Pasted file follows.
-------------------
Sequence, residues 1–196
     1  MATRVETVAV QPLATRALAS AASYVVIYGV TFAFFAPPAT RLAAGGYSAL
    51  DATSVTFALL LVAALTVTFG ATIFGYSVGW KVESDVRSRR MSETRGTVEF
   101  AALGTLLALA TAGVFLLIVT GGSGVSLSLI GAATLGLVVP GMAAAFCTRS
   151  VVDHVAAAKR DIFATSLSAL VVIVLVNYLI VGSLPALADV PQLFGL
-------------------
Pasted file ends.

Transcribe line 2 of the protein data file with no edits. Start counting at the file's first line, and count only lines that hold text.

     1  MATRVETVAV QPLATRALAS AASYVVIYGV TFAFFAPPAT RLAAGGYSAL